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Dick Turpin

Dick Turpin, the famous English highwayman, was born in 1705 in rural surroundings of Thackstead, Essex. His father was John Turpin, a farmer and part time keeper of the Crown Inn public house. Dick Turpin was baptised Richard Turpin on September 25th 1705 at Hempstead. He then grew up in Hempstead and had a common school education. When old enough he became a butcher's apprentice in Whitechapel. When his apprenticeship was completed he married a young lady by the name of Palmer in East Ham, Essex.

Dick Turpin's illegal activities started not long after his marriage. He began by stealing cattle, and using his knowledge as a butcher, cut up the cattle and sold the meat to earn money.


On one occasion two oxen were stolen from a Mr Giles of Plaistow. Mr Giles' servants heard rumours about Turpin and suspected him of the crime. They went to Turpin's house and saw the carcasses of two animals which were of the same size as the two which had been stolen from their employer. As the cattle's hide were removed they had no way to identify the carcasses as the stolen oxen, but heard another rumour of where Turpin disposed of animal hides. They went to Waltham Abbey, the alleged fence and found identical hides to the skins of the animals they were searching for. A warrant was issued and the police went to arrest Turpin at his home. As the police reached Turpin's front door, he escaped through the window. He then went into hiding, but managed to get a message to his wife, who gave him money so he could escape to Essex.

Turpin then joined a smuggling gang which was successful for a short while before Customs and Excise started to investigate them. He then joined a gang of deer thieves working in the Epping Forest area. Turpin and "The Essex Gang" then started to invade houses which had female occupants. They stole their valuables after threatening them with torture.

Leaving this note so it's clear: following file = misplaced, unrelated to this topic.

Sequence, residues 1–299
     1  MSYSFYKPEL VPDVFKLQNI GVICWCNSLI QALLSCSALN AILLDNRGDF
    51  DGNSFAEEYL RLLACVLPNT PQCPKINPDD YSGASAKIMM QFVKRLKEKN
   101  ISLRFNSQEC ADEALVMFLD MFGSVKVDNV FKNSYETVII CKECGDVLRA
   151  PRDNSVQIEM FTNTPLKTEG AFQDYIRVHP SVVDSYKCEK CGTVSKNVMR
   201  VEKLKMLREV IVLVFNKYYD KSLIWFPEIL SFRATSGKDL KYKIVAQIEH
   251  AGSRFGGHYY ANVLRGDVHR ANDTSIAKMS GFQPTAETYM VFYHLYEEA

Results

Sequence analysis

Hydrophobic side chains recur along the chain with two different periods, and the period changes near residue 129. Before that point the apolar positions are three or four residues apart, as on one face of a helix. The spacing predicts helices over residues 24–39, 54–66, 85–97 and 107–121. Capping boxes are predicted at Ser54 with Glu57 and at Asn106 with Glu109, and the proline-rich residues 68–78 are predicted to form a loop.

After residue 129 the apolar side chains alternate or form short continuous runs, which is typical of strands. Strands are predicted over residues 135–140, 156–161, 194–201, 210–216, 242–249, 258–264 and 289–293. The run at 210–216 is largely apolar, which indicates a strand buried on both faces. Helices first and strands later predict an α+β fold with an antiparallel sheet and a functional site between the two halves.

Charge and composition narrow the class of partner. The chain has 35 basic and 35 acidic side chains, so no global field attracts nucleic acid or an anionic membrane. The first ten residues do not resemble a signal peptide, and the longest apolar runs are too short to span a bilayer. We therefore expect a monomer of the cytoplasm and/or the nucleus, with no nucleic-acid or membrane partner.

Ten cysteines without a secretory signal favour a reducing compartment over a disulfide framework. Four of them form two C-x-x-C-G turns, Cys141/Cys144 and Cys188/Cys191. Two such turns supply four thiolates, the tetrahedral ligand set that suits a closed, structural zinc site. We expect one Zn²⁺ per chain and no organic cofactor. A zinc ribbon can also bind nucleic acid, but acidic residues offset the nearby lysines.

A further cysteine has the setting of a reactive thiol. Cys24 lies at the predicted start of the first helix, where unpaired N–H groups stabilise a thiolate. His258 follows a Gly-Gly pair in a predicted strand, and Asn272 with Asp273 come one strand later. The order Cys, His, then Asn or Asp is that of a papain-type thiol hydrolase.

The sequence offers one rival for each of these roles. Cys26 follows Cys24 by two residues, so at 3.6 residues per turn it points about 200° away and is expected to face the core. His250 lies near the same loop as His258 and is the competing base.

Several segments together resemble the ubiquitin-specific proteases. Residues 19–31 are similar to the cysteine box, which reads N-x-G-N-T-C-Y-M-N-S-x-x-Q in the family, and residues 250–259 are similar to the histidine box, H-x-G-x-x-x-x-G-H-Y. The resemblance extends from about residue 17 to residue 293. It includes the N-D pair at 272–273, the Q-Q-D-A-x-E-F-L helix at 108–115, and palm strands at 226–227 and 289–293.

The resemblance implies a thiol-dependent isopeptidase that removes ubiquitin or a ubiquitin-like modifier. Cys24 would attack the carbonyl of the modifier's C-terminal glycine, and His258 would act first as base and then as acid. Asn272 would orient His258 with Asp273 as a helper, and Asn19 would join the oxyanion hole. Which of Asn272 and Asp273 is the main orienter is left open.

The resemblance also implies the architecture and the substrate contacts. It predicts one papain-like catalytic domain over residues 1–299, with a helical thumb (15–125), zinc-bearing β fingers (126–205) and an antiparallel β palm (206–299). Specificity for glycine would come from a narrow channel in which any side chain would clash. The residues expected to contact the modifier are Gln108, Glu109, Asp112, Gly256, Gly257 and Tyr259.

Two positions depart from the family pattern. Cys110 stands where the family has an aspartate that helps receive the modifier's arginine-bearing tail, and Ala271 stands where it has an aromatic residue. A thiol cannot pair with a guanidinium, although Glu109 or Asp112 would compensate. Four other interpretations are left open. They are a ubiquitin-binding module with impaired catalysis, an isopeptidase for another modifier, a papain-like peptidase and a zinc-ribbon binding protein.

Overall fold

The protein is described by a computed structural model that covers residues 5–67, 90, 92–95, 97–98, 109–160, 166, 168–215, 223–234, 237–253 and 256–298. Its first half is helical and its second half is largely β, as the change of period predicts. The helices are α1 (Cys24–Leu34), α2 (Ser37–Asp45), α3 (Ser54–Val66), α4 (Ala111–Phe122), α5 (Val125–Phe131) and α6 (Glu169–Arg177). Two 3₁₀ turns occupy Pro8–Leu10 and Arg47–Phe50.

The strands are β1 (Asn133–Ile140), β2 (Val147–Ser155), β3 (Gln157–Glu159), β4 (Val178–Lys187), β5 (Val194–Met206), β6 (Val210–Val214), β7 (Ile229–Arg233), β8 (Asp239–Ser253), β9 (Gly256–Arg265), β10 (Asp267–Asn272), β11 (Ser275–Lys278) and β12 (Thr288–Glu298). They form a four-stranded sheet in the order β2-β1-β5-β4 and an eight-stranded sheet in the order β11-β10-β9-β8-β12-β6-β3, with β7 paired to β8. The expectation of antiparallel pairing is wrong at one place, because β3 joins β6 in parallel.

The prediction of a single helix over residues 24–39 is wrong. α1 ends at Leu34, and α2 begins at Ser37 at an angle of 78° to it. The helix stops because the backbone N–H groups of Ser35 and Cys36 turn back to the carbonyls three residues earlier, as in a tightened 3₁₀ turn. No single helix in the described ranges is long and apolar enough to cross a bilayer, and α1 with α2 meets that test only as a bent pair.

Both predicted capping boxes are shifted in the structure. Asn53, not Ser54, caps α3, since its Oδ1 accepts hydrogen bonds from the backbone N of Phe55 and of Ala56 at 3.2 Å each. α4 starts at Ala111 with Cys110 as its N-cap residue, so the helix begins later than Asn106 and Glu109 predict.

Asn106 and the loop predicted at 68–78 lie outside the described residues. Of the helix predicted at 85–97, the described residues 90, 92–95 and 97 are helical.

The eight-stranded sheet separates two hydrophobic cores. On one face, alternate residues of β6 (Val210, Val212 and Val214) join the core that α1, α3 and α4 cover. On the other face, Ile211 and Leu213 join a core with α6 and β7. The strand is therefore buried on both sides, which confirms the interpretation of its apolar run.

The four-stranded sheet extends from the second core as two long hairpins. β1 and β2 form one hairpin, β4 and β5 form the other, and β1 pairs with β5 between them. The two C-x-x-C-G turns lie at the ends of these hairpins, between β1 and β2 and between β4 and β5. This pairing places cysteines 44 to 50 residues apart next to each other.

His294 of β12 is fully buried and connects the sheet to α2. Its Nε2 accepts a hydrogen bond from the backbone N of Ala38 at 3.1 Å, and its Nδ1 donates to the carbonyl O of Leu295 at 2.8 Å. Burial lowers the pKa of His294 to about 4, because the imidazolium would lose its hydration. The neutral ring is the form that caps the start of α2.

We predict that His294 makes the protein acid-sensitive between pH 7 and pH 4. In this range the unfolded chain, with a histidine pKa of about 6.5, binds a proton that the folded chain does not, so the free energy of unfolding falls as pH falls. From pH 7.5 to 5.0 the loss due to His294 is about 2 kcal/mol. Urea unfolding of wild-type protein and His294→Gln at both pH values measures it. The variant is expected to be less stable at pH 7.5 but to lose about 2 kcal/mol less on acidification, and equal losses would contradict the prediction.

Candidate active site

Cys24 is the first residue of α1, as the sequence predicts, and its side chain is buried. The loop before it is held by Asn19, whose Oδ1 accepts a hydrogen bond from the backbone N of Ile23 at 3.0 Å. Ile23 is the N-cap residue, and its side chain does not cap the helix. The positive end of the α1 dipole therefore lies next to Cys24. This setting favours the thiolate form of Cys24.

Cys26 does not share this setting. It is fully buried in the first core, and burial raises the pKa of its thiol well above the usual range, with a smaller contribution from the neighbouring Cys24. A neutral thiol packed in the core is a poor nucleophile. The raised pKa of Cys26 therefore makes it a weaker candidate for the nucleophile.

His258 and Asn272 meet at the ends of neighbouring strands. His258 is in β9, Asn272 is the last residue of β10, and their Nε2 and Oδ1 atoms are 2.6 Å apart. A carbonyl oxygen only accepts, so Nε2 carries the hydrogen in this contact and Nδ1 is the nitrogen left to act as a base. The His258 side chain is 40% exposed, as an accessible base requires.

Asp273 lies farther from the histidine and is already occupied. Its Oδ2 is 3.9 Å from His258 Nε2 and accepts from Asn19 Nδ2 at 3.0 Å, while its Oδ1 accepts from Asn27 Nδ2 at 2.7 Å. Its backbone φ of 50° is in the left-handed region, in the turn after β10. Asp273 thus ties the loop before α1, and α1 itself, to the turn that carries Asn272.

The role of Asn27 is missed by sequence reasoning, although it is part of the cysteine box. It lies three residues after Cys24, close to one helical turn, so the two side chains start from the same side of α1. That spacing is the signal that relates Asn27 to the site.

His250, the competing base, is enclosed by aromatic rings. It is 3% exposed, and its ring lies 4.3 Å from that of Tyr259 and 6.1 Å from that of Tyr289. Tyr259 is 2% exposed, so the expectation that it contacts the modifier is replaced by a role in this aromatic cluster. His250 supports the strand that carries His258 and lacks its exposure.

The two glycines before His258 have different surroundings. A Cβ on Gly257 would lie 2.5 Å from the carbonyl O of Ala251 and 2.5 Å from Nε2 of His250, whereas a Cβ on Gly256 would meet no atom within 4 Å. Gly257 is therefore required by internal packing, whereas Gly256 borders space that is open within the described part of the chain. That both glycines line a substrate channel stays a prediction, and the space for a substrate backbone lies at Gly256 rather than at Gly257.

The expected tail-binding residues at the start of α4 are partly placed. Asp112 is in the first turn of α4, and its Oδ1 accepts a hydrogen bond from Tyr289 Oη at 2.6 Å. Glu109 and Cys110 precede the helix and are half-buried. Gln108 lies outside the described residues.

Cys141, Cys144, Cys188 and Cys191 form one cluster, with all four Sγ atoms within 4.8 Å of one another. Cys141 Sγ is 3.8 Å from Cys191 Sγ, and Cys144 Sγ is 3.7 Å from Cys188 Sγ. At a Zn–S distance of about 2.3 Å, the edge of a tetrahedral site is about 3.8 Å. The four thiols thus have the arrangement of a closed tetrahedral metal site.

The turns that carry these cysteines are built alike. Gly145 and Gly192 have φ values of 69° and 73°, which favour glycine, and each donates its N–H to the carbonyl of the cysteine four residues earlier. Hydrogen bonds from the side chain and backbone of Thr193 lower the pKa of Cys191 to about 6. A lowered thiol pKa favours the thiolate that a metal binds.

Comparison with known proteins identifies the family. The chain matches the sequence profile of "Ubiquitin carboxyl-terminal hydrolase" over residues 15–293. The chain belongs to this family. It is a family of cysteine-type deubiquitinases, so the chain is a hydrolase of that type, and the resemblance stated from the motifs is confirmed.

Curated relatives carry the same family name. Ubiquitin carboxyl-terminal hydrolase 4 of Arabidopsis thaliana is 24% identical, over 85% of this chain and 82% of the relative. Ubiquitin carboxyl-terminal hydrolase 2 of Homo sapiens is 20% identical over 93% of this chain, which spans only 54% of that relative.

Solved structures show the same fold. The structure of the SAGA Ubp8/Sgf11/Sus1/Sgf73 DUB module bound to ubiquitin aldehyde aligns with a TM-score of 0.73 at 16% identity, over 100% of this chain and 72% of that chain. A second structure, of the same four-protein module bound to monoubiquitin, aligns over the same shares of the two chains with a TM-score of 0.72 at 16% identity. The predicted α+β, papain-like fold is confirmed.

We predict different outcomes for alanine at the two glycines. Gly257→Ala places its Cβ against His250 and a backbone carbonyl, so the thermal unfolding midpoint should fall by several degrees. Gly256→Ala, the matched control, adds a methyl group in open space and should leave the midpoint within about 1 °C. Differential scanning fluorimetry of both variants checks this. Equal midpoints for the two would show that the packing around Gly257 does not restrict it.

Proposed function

Reward Offered

In 1735, the London Evening Post reported on Turpin and his gang, offering a reward of £50 from the King. This was unclaimed, and Turpin carried on his frequent house breaking and torture spree.

In 1736, Turpin raided the house belonging to a farmer called Francis at Marylebone. Turpin and his gang tied up two servants on the way into the house, and threatened them to keep them quiet. The gang then went into the house and beat Francis' wife and daughter until he gave Turpin all his valuables. This included a Charles I medal, a gold watch, several gold rings, a silver tankard and some money. The police were alerted to the attack, and two of the gang were arrested, as Turpin absconded through the window yet again.

Tom King

For a while, Turpin lived rough, until one day he tried a highway robbery when he saw a well dressed man travelling through Cambridge. When he pointed the gun at his potential victim, the gentleman laughed and said that he had heard of Turpin and his reputation. The man which Turpin had tried to attack was Captain Tom King, one of the most well known highwaymen of the time. From then on Turpin and King lived together in a cave between Kings Oak and Loughton Road in Epping Forest and worked as a team robbing passers by. This carried on for some time. Turpin's wife supplied Turpin and King with food, and occassionally stayed in the well-hidden cave with them both. After a while, people who travelled the route near the cave started to carry protection. Even the peddlers started carrying firearms. They robbed the poor as well as the rich, although King was said to not be happy with this.

By 1737, the bounty for Turpin's arrest had been raised to £100. A gamekeeper called Morris started to investigate the Turpin case in an effort to claim the large reward. He found Turpin on the 4th May 1737. When he challenged Turpin with a pistol, Turpin shot Morris dead, and was officially a murderer.

Because of this, a proclamation was issued by the government. This stated,

"It having been represented to the King, that Richard Turpin did, on Wednesday, the 4th of May last, barbarously murder Thomas Morris, servant to Henry Thompson, one of the keepers of Epping Forest, and commit other notorious felonies and robberies, near London, his Majesty is pleased to promise his most gracious pardon to any of his accomplices, and a reward of £200. To any person or persons that shall discover him, so that he may be apprehended and convicted. Turpin was born at Thackstead, in Essex, is about thirty, by trade a butcher, about five feet nine inches high, very much marked with the smallpox, his cheek-bones broad, his face thinner towards the bottom; his visage short, pretty upright, and broad about the shoulders."